For example, let’s say that you write a post about foreclosures in North Carolina and tag your post “Foreclosures North Carolina.” Down the road you write another post and tag it “North Carolina Foreclosures.“ Further down the road you write another post and tag it “foreclosures (lower case f)North Carolina.”
What you’ve actually done here is created 3 separate tag archive ages for the exact same topic and diluted the topic authority for each tag. If someone clicks on “Foreclosures North Carolina” within the tag cloud, they will only have access to posts tagged exactly that way, even though you may have written other great posts about the same topic tagged in a slightly different way.
Some content management systems or WordPress themes will not create a new tag that starts with upper case if the same tag has already been created in lower case. Instead, it will revert back to the original lower case tag. You will then need to go back into the dashboard and fix the tag from there once and for all. This will also correct the tag if used in previous posts.
Tag and Tag Cloud House Cleaning
If you already have a tag cloud that has a mix of upper and lower case tags or filled with redundant tags, I recommend that you do a little tag house cleaning. I usually make the first letter of each word upper case as it is much easier to see where one tag ends and the other begins within the cloud.
If you have a lot of redundant tags, you should consolidate and delete the unwanted tags then go through your posts from the dashboard and re-tag them properly. This will make your tag cloud more user- friendly. More importantly, it will maximize the tag topic authority for the concise tags you keep.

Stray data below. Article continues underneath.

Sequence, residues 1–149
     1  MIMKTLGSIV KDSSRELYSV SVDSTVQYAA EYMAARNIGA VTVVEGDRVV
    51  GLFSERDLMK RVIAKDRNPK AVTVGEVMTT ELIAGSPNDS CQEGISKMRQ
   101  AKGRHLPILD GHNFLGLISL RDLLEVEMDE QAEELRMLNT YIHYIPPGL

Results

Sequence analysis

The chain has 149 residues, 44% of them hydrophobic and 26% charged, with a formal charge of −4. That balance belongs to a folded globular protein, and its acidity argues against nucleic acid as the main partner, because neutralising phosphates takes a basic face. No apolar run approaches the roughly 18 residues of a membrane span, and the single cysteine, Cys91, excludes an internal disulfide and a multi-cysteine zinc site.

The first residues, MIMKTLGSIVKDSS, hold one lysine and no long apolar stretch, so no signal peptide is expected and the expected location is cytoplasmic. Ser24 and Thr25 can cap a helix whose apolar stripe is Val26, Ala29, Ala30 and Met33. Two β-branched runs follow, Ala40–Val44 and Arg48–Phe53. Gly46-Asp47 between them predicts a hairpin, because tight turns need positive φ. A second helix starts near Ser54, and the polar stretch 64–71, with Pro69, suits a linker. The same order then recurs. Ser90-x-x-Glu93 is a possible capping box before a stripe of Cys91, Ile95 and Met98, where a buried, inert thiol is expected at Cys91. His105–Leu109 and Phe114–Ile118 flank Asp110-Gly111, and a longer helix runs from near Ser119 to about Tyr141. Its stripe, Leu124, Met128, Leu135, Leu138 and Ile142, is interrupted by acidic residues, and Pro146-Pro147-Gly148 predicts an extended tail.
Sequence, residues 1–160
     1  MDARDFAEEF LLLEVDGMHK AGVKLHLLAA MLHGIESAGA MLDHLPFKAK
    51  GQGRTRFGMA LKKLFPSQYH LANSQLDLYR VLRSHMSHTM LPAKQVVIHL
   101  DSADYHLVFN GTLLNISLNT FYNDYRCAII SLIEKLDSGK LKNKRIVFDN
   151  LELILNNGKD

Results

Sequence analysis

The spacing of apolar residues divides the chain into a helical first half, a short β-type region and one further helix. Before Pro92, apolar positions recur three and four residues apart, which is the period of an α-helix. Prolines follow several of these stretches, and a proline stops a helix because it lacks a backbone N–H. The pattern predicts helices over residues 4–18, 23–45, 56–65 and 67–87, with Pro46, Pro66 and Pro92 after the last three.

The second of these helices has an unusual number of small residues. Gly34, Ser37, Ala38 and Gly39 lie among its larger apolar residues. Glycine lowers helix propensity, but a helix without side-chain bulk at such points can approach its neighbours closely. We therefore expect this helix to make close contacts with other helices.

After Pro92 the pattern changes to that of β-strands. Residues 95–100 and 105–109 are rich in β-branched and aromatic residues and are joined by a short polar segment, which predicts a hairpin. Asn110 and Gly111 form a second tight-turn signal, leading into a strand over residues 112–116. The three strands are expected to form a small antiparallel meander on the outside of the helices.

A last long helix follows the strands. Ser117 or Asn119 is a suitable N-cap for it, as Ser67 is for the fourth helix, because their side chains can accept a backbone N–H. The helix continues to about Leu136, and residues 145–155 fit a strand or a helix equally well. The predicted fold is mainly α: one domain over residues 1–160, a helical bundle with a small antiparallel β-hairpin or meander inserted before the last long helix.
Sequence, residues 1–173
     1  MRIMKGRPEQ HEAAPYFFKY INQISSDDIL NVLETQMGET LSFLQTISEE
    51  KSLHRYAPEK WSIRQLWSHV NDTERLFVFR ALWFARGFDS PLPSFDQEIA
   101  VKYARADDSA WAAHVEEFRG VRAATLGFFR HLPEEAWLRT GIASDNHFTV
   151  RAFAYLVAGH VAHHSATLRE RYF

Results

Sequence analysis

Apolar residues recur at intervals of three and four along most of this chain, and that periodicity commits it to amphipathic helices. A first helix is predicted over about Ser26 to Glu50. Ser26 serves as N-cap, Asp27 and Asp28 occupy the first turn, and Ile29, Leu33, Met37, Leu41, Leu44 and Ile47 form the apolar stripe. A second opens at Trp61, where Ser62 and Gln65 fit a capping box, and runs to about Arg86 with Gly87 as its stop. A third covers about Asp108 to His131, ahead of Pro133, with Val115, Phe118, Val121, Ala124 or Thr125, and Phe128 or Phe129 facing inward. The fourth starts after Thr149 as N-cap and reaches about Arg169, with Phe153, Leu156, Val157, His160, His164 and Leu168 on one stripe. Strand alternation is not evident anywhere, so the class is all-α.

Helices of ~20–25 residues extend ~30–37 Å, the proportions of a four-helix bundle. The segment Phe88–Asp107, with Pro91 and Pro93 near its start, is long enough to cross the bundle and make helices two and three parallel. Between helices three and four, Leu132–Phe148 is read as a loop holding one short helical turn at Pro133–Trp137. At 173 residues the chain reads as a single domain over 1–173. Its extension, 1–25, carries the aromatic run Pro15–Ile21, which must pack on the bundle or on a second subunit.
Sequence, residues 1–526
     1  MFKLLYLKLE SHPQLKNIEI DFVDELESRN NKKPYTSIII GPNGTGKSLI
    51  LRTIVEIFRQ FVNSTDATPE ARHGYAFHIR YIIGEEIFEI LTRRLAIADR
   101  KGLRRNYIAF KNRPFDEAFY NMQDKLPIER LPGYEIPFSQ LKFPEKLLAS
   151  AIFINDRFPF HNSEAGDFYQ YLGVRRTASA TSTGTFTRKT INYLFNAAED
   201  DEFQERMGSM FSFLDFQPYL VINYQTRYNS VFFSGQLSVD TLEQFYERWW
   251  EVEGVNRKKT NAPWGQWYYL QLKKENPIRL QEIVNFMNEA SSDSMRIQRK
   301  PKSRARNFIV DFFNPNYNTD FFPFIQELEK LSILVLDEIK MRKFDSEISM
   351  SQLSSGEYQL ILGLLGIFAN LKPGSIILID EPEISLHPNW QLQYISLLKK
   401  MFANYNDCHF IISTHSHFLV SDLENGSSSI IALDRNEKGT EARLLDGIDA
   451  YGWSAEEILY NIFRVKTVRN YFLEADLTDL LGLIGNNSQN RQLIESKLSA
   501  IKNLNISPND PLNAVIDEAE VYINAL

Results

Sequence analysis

The tag cloud to the right is a good example of how a tag cloud should look – neat, clean, uniform, easy to read and geo-targeted (if you have specific target markets as in real estate). Remember, tag clouds are an optional feature and if you don’t want to use one on your blog that’s OK too.
Opening Up Tags or Categories to the Search Engines?
You’ll need to choose whether to open up post categories OR tags to the search engines. Never open both up as you can run into duplicate content issues. Choose what you allow to be indexed within the XML Sitemap under “Sitemap Content.” If you open up tags, “Use No- index for Archives” and “Use No-index for Categories” should be checked off. “Use No-index for Posts” should be unchecked.
If you publish 2 to 3 blog posts per week, I recommend that you open up tags to the search engines. If you are posting only 1 to 4 times per month, I recommend that you open up categories to the search engines. The reason being that categories tend to be more general than tags and the more you post, the stronger your tags will be. For example, you could have 3 to 4 tags for a specific post that’s filed once under one category and archive page.
If you choose to open up tags, make sure that your tag archive pages display only post excerpts around 350-400 characters rather than the entire post, which will help avoid duplicate content issues. This will also make it a lot easier for your readers to quickly scan the archive page for post titles that look interesting.
For most self-hosted WordPress users, you have the option of choosing “Display Post Excerpts” in Archives under Theme Settings. The content archives option will affect any blog listings page including: archive, author, blog, category, search and tag pages. You can also modify your archives.php or use an archive limit content plug in.